The Eagles finished the Giants game with three of the five offensive line positions manned by different people than when the evening began, but that apparently won't be the case this weekend against Carolina.
Right tackle Lane Johnson, who tweaked a high ankle sprain, could have come back in last Thursday if the Eagles hadn't held a comfortable lead, Doug Pederson said afterward. That would seem to mean that Isaac Seumalo can go back from right tackle to left guard this week.
On Monday, offensive line coach Jeff Stoutland said he thinks that left tackle Jason Peters, who was already ailing with a quadriceps injury when he suffered a biceps tear against the Giants, will play against the Panthers.
"That guy is a warrior," Stoutland said. "I don't think he's going to miss any time, personally, but we always have a contingency plan, as you saw the other night."
The contingency plan is Halapoulivaati Vaitai, who gave up the Eagles' only sack, to Olivier Vernon, after Vaitai came in for Peters. Of course, Vaitai also started nine regular-season games and all three playoff games after Peters went down with a knee injury last year against Washington. He had his struggles, but was much better in the playoffs, and the Eagles managed to win the Super Bowl with him.
Stoutland said he feels the Eagles are "very fortunate to have a guy like V," who can play either side. Pederson made the point that Vaitai is better when he knows he is starting, and has the full week to prepare. If Stoutland is being overly optimistic about Peters, will that be the case for Vaitai this week?
"I think it's too early to make that determination," offensive coordinator Mike Groh said. Eagles players have Tuesday off and will begin practicing for the Panthers on Wednesday.
In any case, Peters' situation is a significant concern. He is the league's oldest offensive tackle, at 36. He played well in the opener, against Atlanta, but suffered the quad strain the next week at Tampa and has struggled since. On back-to-back first-quarter plays against the Giants, Peters took a holding penalty against Vernon, then couldn't stop Vernon from hitting Wentz and causing a pass to fall incomplete.
One of the reasons Stoutland took the Eagles offensive line coaching job in 2013 was that he wanted to coach Peters, who is now a nine-time Pro Bowl player and is widely considered a future Hall of Famer. Stoutland, not surprisingly, stood up for Peters' play when the subject came up Monday.
"It seems like he's always playing against the best player on the field. Olivier Vernon is a premium pass rusher," Stoutland said.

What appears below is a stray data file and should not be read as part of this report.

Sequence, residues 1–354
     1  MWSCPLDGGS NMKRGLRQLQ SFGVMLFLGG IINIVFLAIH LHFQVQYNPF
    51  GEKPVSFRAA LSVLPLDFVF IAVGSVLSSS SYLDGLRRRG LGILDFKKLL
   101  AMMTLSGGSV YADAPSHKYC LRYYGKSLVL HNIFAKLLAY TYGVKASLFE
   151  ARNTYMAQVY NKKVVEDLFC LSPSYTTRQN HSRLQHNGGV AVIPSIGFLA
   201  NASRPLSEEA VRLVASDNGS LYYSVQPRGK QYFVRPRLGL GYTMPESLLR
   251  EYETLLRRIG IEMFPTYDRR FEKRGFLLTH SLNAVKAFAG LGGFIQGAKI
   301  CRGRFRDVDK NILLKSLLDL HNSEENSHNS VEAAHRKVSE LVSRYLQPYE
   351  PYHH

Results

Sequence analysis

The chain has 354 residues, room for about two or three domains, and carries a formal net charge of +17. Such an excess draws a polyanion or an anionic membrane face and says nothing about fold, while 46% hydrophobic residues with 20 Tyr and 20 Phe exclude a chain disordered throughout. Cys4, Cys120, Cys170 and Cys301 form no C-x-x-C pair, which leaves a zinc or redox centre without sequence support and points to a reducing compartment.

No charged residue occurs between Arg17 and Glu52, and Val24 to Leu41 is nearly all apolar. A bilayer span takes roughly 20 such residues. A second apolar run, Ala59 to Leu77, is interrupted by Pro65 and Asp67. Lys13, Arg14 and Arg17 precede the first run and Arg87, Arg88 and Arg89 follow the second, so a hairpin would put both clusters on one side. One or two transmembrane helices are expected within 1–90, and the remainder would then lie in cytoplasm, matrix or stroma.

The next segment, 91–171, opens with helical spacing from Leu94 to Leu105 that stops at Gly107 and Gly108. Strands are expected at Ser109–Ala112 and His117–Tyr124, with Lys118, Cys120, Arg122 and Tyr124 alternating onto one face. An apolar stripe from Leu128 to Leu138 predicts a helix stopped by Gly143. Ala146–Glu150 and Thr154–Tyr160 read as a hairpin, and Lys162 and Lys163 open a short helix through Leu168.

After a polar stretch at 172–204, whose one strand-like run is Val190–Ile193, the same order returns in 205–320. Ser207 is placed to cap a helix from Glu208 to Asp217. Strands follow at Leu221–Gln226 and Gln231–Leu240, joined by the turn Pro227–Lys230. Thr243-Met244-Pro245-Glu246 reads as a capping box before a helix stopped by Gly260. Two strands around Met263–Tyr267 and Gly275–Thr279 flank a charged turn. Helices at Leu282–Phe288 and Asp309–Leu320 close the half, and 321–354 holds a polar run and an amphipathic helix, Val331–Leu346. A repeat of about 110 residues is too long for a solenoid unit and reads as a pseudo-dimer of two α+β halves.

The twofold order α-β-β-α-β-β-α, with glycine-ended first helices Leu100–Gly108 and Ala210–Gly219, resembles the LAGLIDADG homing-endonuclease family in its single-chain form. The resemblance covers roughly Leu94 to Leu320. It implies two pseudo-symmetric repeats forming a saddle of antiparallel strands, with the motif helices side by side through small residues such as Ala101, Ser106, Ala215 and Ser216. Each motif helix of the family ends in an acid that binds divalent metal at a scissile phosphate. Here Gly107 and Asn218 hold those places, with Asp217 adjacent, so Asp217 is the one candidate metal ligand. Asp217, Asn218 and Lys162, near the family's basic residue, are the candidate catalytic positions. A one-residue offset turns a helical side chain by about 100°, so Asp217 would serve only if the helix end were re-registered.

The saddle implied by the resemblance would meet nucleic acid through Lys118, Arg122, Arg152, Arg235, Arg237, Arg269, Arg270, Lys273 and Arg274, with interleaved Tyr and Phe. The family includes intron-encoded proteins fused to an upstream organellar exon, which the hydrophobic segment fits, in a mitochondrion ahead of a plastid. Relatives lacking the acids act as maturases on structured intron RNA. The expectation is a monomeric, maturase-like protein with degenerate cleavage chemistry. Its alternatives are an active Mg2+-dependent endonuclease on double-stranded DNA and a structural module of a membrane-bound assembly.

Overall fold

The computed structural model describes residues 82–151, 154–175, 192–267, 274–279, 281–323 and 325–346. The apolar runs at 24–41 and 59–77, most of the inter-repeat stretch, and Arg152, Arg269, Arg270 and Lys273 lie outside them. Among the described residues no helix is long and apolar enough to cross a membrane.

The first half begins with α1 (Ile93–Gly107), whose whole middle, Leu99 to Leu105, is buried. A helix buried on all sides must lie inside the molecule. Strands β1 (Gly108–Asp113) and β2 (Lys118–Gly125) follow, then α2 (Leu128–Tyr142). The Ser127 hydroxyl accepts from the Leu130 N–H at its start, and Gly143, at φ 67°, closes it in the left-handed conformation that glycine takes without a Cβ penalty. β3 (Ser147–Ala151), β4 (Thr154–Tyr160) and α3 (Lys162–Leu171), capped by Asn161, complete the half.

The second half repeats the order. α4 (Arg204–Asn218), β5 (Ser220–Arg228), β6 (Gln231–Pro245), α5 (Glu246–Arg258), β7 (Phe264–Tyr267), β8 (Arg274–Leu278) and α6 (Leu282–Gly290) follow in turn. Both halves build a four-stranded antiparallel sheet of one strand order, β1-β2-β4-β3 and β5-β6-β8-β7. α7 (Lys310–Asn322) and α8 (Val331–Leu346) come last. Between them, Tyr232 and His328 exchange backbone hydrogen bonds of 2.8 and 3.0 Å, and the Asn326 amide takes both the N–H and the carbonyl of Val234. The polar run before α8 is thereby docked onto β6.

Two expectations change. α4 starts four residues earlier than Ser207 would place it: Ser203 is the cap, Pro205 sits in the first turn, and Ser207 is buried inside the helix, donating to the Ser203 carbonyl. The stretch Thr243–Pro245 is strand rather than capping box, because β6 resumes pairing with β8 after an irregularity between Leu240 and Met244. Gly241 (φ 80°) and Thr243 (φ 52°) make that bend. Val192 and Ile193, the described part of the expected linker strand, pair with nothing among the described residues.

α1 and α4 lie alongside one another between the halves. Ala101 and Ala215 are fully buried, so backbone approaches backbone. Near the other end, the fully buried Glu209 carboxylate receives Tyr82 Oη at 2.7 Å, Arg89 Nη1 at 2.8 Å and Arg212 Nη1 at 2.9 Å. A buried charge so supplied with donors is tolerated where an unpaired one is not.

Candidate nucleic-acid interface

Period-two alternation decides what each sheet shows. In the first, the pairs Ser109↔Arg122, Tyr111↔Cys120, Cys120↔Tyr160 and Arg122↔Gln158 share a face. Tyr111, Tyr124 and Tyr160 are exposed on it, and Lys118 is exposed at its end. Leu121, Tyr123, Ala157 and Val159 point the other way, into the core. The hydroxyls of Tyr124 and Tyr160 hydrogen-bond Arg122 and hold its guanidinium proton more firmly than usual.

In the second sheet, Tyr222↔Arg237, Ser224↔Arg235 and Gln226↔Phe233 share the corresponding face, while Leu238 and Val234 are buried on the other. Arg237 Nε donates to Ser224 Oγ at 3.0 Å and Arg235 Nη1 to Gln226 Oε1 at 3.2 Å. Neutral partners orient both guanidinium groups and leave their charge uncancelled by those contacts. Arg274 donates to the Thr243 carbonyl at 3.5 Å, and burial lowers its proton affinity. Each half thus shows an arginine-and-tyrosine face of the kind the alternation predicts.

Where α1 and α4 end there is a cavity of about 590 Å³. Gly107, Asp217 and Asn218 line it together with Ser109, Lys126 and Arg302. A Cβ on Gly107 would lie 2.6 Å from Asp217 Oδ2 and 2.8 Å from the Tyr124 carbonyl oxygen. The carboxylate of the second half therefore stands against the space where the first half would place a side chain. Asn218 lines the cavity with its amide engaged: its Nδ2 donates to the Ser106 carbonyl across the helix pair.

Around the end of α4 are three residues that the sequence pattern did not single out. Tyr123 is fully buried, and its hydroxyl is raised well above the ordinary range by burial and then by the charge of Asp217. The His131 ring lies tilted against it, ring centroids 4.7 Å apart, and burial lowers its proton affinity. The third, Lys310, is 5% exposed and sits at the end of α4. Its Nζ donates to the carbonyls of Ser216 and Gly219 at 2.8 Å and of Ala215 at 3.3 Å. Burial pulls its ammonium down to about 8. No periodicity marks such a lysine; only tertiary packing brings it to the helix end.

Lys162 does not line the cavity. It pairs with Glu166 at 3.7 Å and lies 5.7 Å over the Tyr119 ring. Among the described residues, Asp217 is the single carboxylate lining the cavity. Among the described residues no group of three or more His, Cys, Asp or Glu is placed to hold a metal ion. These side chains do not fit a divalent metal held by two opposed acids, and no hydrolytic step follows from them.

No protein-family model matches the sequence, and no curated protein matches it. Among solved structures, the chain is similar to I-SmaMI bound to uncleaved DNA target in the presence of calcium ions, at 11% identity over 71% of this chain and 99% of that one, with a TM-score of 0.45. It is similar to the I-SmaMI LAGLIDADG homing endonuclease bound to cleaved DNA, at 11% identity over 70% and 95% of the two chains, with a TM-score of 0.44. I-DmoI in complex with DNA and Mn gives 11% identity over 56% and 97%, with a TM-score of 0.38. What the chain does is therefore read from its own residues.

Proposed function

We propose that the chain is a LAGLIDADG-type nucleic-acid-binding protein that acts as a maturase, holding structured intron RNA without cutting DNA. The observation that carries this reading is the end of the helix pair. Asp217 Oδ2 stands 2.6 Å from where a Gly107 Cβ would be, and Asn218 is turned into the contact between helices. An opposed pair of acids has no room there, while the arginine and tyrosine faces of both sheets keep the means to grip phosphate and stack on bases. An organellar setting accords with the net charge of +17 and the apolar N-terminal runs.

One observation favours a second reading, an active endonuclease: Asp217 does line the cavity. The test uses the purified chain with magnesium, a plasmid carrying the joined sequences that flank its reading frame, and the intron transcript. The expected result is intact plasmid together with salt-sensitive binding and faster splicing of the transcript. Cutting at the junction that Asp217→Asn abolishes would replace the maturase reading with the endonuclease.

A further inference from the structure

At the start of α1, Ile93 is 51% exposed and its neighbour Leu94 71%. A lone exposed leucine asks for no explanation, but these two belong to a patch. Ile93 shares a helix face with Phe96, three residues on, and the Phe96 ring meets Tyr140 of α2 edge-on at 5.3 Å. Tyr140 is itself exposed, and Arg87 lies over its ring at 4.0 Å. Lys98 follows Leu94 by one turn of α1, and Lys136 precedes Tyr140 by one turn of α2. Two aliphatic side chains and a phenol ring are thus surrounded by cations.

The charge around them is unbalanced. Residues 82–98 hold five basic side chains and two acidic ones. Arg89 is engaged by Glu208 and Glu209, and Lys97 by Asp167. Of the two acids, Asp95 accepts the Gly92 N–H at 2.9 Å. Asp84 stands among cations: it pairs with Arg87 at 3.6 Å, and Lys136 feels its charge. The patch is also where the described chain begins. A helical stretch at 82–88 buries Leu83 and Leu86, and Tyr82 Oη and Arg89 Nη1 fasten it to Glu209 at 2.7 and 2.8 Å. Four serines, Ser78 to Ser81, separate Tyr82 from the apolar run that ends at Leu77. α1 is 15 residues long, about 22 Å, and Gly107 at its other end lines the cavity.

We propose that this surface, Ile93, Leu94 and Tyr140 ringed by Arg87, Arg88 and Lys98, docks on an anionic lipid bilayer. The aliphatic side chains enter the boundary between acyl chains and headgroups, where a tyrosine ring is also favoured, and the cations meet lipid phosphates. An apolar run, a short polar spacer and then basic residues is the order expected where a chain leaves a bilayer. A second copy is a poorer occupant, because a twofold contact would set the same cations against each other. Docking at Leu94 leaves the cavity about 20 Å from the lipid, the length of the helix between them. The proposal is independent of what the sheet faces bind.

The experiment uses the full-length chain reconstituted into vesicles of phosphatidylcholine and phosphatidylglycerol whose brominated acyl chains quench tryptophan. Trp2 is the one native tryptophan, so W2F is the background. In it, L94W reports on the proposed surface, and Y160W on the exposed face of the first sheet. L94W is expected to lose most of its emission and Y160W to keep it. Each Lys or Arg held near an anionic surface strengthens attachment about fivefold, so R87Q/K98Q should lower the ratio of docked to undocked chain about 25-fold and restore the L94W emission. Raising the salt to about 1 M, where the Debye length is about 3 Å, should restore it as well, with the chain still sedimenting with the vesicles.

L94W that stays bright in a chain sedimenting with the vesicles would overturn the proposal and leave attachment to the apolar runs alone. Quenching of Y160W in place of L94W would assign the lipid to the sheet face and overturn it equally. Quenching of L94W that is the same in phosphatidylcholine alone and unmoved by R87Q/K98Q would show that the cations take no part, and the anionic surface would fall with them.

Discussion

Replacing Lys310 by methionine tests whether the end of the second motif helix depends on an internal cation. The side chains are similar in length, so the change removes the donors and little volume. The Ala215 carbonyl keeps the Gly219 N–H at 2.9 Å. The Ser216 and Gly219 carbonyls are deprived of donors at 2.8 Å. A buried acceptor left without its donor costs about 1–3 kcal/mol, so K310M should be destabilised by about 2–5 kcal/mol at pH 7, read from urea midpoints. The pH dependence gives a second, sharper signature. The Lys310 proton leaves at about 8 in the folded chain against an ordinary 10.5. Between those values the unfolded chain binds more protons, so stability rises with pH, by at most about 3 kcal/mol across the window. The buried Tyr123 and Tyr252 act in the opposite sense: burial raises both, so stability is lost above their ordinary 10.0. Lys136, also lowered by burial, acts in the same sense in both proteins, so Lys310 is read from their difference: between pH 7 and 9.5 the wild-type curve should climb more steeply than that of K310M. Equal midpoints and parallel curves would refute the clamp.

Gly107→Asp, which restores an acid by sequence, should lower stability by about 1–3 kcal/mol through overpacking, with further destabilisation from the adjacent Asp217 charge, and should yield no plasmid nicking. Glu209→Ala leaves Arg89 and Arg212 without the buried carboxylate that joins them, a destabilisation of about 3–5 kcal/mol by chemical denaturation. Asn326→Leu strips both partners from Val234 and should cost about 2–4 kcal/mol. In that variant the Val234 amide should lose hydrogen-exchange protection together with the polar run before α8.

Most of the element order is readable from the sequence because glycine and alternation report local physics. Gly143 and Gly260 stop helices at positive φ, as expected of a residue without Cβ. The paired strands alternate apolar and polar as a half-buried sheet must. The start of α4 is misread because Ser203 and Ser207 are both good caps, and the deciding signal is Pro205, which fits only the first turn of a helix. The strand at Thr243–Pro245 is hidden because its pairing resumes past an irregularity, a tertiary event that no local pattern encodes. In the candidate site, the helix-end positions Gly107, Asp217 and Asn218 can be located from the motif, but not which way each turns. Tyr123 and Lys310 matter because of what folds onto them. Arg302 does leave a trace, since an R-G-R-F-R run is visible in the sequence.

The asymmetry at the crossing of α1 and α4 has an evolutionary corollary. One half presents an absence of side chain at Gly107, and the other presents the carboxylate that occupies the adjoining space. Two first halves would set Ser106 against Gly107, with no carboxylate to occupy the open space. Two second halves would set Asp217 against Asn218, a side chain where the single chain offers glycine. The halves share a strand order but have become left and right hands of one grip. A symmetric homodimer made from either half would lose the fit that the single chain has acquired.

Stoutland said Peters' issues have had more to do with timing than with declining skills.
"He's such a perfectionist … I don't think he's far off. There were a couple times where if he could have just got his foot in the ground a second sooner, he's solidifying all those blocks," Stoutland said. "He solidified most of them.
"I think he's still extremely productive and playing at a high level."
Stoutland said timing was the overall problem with the offensive line, which hasn't lived up to the best-in-the-NFL billing it carried home from the Super Bowl.
"We've got a long way to go [in the season]. You could have said the same thing to me last year at this time," Stoutland said. "I think we're getting better each week."
Center Jason Kelce has mentioned that the line has struggled against games – sorting out twists and loops, where a player ends up not blocking the guy he thought he would be blocking.
"We've gotta do a better job with our hands, of keeping our body weight down the middle," and not lunging off-balance, Stoutland said.
He said that is the sort of thing that gets sorted out as the season goes along, and a line sees more of it.
"Unless you do it full speed – unless you have that thing full speed in front of your face, which is really hard to simulate in practice – there's nothing like the game," Stoutland said.
So far, the only non-injury-related change that's been made on the O-line is the switch from Stefen Wisniewski to Seumalo at left guard, after the Tennessee game. Wisniewski said he thought he played well, and hinted that there were non-football reasons for the move. (Perhaps, that the front office drafted Seumalo in the third round in 2016 with the idea that he would start.)
Stoutland denied feeling pressure to promote Seumalo.
"I have an obligation here to Mr. [Jeffrey] Lurie and to the organization to make sure we have the best five players on the field. That's my job," Stoutland said. "And I tell every player that, coming in."
Stoutland said he felt he the change was needed "just watching the practice sessions every day. I can't sit there and ignore something.
"There's nobody here that's my cousin, brother-in-law – if you're the most productive player, you'll find a spot on the field."